This post was originally intended for my personal blog, but I decided to move it to the company since it’s been a dreadfully long time since I worked on our content.

Background

I have around 20 years of experience actively working on researching, securing, and mitigating security issues on electronic devices. In this post I will explain some simple security concepts that any computer (or smartphone user) should be familiar with. I will describe some easy solutions to ease security fatigue. This kind of information is becoming more important as companies get compromised and personal information leaks online. This information assumes an average user. (eg. not a human rights activist operating in the UAE)

Passwords

I’m going to make a generalization: Your passwords are very weak and you reuse the same ones everywhere. I would gather >95% of the audience reading this will fit this generalization. Most have their passwords on a notepad in the drawer next to their laptop. Adding numbers and capitals don’t improve your password very much despite what your bank or government site tells you. So, how to fix?

Picking strong passwords

XKCD did a great comic on picking strong passwords that’s shared frequently:

password_strength.png

Ideal passwords are constructed using the highest entropy possible. Basically, this means we want something as random as possible. But, we want a random password that is hard for a human and a computer to guess. This doesn’t mean the password should always be difficult to type or remember. You can pick a series of words and a numeric sequence to come up with a very high entropy passphrase that’s quite easy to remember. Continue reading because it will only be important to generate a few good passwords. Proper management will allow you to not need to remember more as software can generate and store the rest.

You can calculate password entropy here: http://rumkin.com/tools/password/passchk.php

Bad password: Ubmt2017! (40.5bits)
Good password: Potato1Good2Chicken3Dumplings4 (141.9bits)

I do recommend high entropy passwords because it makes automated guessing using dictionary lists and common patterns (eg. the password mullet with letters in the front and numbers in the back) impossible. It does not hurt to go overkill if it can still be easier for you to work with.

Password Management

Organizing your passwords is important. Our memory is unreliable. I’ve also worked with multiple small business that need to share lots of passwords. Nearly all of them use some form of easily crackable mnemonic. In my bad password example above, this is the most common form of mnemonic I’ve seen: take property/client name, jam a year on, and some random tail like an exclamation point and call it a day. This will work to sometimes keep out a casual guesser. It’ll also stop reuse, so if one site gets compromised, the attacker won’t login to everything. But it won’t stop anyone who breaks into stuff for a living or some of the more . It’s common and easy to figure out. Attackers are looking for it.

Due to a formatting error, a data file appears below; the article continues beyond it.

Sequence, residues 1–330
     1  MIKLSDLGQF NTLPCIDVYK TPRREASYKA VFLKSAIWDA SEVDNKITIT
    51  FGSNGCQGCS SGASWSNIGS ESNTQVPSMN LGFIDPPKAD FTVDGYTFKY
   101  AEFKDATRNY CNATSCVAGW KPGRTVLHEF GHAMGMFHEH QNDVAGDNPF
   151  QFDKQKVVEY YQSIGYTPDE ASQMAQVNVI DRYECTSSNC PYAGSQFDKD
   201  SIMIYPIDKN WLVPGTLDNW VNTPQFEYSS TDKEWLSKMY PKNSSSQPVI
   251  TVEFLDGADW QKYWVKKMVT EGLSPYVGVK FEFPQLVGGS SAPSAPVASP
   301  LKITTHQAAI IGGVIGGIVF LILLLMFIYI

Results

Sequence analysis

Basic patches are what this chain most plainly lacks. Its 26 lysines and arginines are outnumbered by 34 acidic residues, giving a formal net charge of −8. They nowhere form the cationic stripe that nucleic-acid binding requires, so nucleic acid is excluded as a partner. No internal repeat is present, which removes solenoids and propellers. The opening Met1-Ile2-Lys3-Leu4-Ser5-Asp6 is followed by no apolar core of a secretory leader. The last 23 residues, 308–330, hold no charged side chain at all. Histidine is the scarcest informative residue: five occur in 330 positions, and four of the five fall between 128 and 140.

Instead, consider using a password manager. Two broad categories are used, offline and online. KeePass is the most well-known offline solution. I recommend an online service for all but the most critical of applications due to the added convenience. Two great online providers are LastPass and 1Password. They are not perfect but they will be substantially safer than password reuse. These services work by giving you an encrypted database of passwords you don’t have to worry about memorizing. Only one strong password needs to be remembered to unlock your secure database of saved random passwords.

How to tell if your password should be changed

You want to change your password if it was reused on multiple sites or if the site you used it on was compromised. What usually happens here is that a hacker gains access to a copy of the compromised company’s password database. This database usually does not give them your exact password. Typically the password is run through a function called a hash function and this scrambles the password many times over and stores it in the database as a hash. When you type your password in to login to a site it runs the function and matches it with the hash that was stored. The reason this is done is so that if someone steals your password it will be difficult for the computer to guess the input that produces the same hash.